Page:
When I finally got back to the car, changed into dry clothes, and got the heater going full blast I looked at the dog and the still empty parking lot and thought that it could have been a long day for my loyal friend.

I was lucky. I have spent most of my life in and around water and I still had made some very basic, life threatening, mistakes. Perhaps it was the comfort level I had that led me to this lapse in judgment or maybe it was just plain forgetfulness. The good thing is that I know now that I will never paddle again without the right gear. It’s just not worth it.

Lets go over my list  of shame: paddling in remote rough water ALONE, not enough insulation (can we say wetsuit!), unfamiliar gear (wrong paddle feather, new kayak), no paddle float, no bilge pump, no backup clothing stashed in a dry bag, no food, no communication device and I did not tell anyone where I was going – can there be anything ELSE!

 

Basic Cold Water Kayaking Gear:

Insulation and Drysuit or Wetsuit

Paddle Jacket

Booties and Socks

Spray Skirt

Skull Cap

Paddle Float

Bilge Pump

Dry Clothes

Communication Device

Common Sense

-Tom “safety-first” Meckfessel

7 Comments

  1. Thanks for sharing your story, and giving others the chance to learn from your mishaps. Sharing these learnings helps us all be better, safer paddlers.

    Eris Weaver
    Coordinator, BASK Skills Clinic

  2. sorry to hear about this…good thing you are still around…
    if you have flipped the boat upright….and dumped the water could you have cowboy-ed into it? (something that i cannot do since i am a weeeeee bit top heavy)

    or flipped under and did a re-enter and roll with skirt on so as to not take much water in-after you had fixed your paddle????

    so..thoughts on that boat???
    corgimas

  3. Ditto. Used to see the same phenom in scuba and sky diving (100 jump/dive wonder). Easy to get a bit blase about packing all the safety gear all the time. This is a great reminder that Murphy’s Laws rule all.

    • Hey really good video – and fasetr than me! (And in a lot nicer weather conditions than Scotland right now…)You might like to try starting and ending the sequence sitting in the seat. That way you have to take your legs out and lift your bum onto the back deck at the start, and drop back in at the end. That end usefully simulates the end of a self-rescue where you clamber on the back-deck of your kayak.As for standing up, that was something I completely failed to achieve, although the others on 5* training managed. I have since tried in flat water, ad just as my knees straighten I topple over.However, the big balance move was way too much. Rotating the kayak 360 degrees underneath you, so you sit on the gunwale, then the hull, then the other gunwale, then back in the seat of the kayak was somethng only Gordon Brown attempted and succeeded. We looked on open mouthed!I hope all this balance-stuff will be fully explained in our next DVD, when we eventually get around to shooting it in early next year.Simon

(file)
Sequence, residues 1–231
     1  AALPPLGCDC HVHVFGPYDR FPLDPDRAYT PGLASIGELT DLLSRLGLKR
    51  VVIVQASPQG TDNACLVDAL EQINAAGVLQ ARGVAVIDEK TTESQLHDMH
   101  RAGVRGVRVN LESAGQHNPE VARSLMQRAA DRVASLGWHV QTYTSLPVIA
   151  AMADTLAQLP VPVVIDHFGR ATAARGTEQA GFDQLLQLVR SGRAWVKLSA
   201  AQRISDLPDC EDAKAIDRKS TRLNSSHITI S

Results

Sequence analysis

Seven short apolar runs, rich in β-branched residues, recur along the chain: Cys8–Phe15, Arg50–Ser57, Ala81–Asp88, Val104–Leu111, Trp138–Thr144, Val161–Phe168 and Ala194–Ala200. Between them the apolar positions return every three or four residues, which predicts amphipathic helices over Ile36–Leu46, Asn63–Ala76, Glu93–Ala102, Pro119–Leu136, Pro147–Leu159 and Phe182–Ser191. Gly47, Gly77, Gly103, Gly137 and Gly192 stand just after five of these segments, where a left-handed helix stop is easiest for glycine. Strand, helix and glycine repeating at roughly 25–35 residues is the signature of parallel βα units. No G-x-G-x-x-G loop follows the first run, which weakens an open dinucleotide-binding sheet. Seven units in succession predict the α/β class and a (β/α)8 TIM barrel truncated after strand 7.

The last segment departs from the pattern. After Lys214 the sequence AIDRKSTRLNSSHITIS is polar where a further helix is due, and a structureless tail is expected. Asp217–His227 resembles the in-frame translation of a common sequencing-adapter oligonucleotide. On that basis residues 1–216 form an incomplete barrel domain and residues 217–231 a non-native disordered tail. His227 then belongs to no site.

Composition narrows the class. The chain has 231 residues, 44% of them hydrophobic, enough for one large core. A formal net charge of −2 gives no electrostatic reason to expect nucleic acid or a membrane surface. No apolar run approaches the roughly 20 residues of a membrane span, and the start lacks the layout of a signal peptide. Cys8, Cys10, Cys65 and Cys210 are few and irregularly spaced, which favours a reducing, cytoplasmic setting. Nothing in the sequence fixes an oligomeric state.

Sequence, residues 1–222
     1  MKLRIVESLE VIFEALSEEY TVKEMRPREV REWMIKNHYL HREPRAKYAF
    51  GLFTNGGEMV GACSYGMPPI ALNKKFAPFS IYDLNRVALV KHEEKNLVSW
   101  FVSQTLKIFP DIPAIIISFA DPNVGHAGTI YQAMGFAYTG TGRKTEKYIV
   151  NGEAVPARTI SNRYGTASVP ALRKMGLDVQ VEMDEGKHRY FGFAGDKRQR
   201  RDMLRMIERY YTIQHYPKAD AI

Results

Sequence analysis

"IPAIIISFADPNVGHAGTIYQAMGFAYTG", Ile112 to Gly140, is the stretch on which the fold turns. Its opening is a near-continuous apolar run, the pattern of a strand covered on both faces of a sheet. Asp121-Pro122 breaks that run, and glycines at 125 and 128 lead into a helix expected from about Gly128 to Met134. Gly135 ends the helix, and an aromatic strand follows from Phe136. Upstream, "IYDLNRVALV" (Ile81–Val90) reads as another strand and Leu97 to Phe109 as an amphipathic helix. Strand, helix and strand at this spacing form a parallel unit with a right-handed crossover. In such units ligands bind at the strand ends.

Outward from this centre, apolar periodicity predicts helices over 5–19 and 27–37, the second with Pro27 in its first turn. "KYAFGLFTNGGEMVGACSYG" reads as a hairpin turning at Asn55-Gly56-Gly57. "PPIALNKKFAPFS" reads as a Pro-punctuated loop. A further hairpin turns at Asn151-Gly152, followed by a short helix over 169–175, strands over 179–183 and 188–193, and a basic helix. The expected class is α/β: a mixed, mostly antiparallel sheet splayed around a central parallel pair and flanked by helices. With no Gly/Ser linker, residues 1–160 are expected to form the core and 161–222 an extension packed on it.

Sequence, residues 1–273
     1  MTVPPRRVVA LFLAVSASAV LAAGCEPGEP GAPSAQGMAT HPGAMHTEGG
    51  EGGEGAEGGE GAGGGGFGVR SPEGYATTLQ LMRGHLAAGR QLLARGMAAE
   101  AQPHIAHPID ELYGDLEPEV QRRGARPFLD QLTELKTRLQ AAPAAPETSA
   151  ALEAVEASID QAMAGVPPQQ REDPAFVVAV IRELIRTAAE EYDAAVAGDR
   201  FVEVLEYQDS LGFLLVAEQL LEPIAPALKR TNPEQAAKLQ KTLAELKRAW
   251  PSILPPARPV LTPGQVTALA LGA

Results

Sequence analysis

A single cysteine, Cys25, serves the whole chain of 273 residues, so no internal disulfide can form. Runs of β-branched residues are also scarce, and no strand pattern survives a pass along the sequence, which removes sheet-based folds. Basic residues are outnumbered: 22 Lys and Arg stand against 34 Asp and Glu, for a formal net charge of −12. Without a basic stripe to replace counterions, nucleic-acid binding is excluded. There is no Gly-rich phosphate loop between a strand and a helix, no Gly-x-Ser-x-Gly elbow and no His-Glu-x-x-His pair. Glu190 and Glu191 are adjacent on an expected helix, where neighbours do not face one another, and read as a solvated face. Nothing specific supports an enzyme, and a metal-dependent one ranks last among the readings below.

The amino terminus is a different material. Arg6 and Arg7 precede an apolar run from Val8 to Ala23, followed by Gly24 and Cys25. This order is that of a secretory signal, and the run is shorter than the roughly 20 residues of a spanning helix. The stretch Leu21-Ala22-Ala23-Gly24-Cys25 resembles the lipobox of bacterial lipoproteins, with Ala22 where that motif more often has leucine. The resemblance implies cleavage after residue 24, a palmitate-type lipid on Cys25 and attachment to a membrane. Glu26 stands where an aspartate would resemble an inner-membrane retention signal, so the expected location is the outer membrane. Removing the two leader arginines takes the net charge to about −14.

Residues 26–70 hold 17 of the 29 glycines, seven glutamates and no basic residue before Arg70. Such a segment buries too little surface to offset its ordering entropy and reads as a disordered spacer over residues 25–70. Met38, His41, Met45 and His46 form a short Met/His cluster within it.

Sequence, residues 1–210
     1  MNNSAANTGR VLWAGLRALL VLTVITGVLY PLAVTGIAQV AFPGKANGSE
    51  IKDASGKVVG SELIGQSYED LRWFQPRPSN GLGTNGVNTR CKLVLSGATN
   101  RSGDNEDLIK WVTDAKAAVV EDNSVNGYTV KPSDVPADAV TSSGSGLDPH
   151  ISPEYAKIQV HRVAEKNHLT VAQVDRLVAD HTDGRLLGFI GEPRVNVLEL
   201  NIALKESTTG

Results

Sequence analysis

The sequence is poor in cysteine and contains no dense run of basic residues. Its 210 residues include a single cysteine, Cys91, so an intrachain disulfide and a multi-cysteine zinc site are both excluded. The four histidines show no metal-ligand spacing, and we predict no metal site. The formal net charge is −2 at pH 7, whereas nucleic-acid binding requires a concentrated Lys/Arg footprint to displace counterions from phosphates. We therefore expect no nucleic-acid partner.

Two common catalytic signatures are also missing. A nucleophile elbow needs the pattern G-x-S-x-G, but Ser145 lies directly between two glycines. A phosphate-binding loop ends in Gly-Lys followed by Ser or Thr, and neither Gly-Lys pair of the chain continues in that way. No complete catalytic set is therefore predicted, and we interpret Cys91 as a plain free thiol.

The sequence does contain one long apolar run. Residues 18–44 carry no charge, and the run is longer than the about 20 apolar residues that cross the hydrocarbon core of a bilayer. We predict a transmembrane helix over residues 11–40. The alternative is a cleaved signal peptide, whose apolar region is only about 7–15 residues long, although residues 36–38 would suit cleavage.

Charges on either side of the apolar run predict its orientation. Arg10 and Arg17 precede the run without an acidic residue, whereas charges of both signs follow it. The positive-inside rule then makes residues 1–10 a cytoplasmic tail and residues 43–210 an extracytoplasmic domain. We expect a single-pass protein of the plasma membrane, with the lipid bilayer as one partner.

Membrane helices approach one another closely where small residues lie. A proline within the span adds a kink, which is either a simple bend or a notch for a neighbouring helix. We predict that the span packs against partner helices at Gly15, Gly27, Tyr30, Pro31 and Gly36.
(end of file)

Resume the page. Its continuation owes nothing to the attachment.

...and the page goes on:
4. Wow… could there be anything worse to add? Since my friends always joke that the purpose of a PFD is to make it easier to find our bloated corpses, if you were one of us we'd be joking that your B.C. was found in a MsFit instead of a guy's PFD.
    But really, thanks for sharing. Makes it easier to insist that the basic safety gear really, really is needed for every trip. And my personal favourite option as well: the dunk bag with clothes, space blanket & snack bars always always always in the trunk for land-based emergencies as well as paddling.

  5. Great story, I must admit I have had the same inclination from time to time as a Tour Operator. Maybe we just get too confident from time to time.

  6. kayaks have no place in the surf. stay outta the line-up, kookfest.